let me try to explain with an example:
as a user of sling i would like to have my app in /apps/myapp and lets say i have a node of resourceType "myapp/homepage" at "/content/myapp".

i would like to to be able to structure my applications as follows:

(1) /apps/myapp/homepage/hompage.esp (or html.esp or GET.esp)
(2) /apps/myapp/homepage/edit.esp (or edit.html.esp)
(3) /apps/myapp/homepage/header/highlight.jpg.esp
(4) /apps/myapp/homepage/header/selected.jpg.esp
(5) /apps/myapp/homepage/header/small.jpg.esp

where

/content/myapp.html -> (1)
/content/myapp.edit.html -> (2)
/content/myapp.header.highlight.jpg -> (3)
/content/myapp.header.selected.jpg -> (4)
/content/myapp.header.small.jpg -> (5)

i think it is important that we avoid unnecessary repetition at any point
and we would allow for enough flexibility in the /apps directory allow
the user to come up with something short, distinct and meaningful.

I haven't found out how to hook a script to POST with a "delete" selector, tried POST.delete.html.esp and various other options but that didn't work.

Looking at the code, I think that might not work at all, and I didn't find tests related to this.
The correct script path would be .../delete/POST.esp

Request Selectors are ignored for non-GET/HEAD requests. Hence the POST-related test is expected to fail. This is related to issue (III) in [1] stating that not all request methods are equal.

Hence, I suggest to for the moment comment out these tests with a comment stating this situation and not implementing that support. Reason for this is, that a resource URL should address the resource (and at most give some hint for a specific representation, such as html or txt) but not include an operation such as delete.
                            
   * Refactored resolution of error handler servlets/scripts to use new mechanism
   * Removed unused methods and classes
   * Renamed helper classes to reflect their functionality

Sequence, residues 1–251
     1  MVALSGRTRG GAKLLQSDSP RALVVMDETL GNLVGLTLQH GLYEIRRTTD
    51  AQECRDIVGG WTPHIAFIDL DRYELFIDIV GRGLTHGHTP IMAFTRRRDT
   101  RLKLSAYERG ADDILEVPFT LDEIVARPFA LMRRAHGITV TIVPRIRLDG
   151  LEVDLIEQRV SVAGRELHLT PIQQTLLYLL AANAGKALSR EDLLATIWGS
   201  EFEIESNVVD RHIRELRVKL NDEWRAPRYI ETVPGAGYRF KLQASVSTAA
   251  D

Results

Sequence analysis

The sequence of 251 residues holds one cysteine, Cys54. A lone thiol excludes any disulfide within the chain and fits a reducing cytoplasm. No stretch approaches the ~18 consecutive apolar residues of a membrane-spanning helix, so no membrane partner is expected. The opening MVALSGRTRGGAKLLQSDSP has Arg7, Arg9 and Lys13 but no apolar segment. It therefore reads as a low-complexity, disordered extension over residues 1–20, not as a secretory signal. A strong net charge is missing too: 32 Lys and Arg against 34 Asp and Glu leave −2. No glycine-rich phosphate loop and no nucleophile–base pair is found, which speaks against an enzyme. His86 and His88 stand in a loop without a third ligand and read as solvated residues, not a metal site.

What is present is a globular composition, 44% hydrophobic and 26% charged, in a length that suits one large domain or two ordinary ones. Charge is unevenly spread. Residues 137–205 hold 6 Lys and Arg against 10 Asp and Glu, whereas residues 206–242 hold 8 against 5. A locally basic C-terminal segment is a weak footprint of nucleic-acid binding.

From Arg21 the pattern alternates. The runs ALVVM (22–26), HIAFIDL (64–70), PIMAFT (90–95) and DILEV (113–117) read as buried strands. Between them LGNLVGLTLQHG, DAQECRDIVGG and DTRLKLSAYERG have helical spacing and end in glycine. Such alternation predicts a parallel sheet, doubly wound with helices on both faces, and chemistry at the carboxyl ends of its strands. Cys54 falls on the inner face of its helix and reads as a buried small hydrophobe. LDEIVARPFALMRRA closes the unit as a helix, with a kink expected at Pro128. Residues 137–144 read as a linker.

Closing this issue for now. Errors in the new implementation should be reported in new issues.

Currently, working with selectors requires you to put scripts in
subfolders, for example

/apps/foo/html.esp
/apps/foo/someselector/html.esp

and worse, all GET scripts which produce html are named html.esp,
which can be confusing when editing them.

We talked about this with David and Felix, here's a proposal for
simplifying those names in the "happy case", while keeping the current
conventions to resolve potential name conflicts where needed. Comments
welcome.

= Proposal =

The following variants should be accepted for script names, examples:

a) sling:resourceType=foo, request = bar.html

Sling searches for the following scripts and uses the first one found:

  /apps/foo/html.esp
  /apps/foo/foo.esp

The only change is that the script used for html rendering can
optionally be named foo.esp, to avoid having many scripts called
"html.esp" which is not practical when opening many of them in an
editor or IDE.

a) sling:resourceType=foo, request = bar.selector.html

The following scripts can be used to process this request, the first
one found being used:

/apps/foo/selector/html.esp
/apps/foo/selector.html.esp (same but with dots instead a subfolder)
/apps/foo/selector.esp
/apps/foo/html.esp (not specific to the selector)
/apps/foo/foo.esp (not specific either)

In the "happy case" people would then just have those two scripts to
handle the above cases:

/apps/foo/foo.esp
/apps/foo/selector.esp

Protocol host content path selector(s) extension suffix  param(s)
http://myhost:products/product1.printable.a4.html/a/b?x=12